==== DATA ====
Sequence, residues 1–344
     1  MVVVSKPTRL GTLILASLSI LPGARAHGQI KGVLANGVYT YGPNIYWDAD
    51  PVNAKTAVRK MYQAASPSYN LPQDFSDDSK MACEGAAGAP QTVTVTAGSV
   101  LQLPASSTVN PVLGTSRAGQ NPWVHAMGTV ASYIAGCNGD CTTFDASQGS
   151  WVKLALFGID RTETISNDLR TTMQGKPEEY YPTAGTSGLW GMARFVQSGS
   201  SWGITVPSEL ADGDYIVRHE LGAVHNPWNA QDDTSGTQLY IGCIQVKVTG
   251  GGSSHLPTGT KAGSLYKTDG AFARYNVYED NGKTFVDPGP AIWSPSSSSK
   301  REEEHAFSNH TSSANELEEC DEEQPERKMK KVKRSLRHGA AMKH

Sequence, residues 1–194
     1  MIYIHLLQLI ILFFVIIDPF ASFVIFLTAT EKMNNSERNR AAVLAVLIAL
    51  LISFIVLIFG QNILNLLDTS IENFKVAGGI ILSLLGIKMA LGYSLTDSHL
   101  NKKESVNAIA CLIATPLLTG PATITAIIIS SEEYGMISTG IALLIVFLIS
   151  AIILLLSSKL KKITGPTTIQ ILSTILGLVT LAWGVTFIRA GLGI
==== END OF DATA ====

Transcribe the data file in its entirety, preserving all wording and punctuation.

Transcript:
Sequence, residues 1–344
     1  MVVVSKPTRL GTLILASLSI LPGARAHGQI KGVLANGVYT YGPNIYWDAD
    51  PVNAKTAVRK MYQAASPSYN LPQDFSDDSK MACEGAAGAP QTVTVTAGSV
   101  LQLPASSTVN PVLGTSRAGQ NPWVHAMGTV ASYIAGCNGD CTTFDASQGS
   151  WVKLALFGID RTETISNDLR TTMQGKPEEY YPTAGTSGLW GMARFVQSGS
   201  SWGITVPSEL ADGDYIVRHE LGAVHNPWNA QDDTSGTQLY IGCIQVKVTG
   251  GGSSHLPTGT KAGSLYKTDG AFARYNVYED NGKTFVDPGP AIWSPSSSSK
   301  REEEHAFSNH TSSANELEEC DEEQPERKMK KVKRSLRHGA AMKH

Sequence, residues 1–194
     1  MIYIHLLQLI ILFFVIIDPF ASFVIFLTAT EKMNNSERNR AAVLAVLIAL
    51  LISFIVLIFG QNILNLLDTS IENFKVAGGI ILSLLGIKMA LGYSLTDSHL
   101  NKKESVNAIA CLIATPLLTG PATITAIIIS SEEYGMISTG IALLIVFLIS
   151  AIILLLSSKL KKITGPTTIQ ILSTILGLVT LAWGVTFIRA GLGI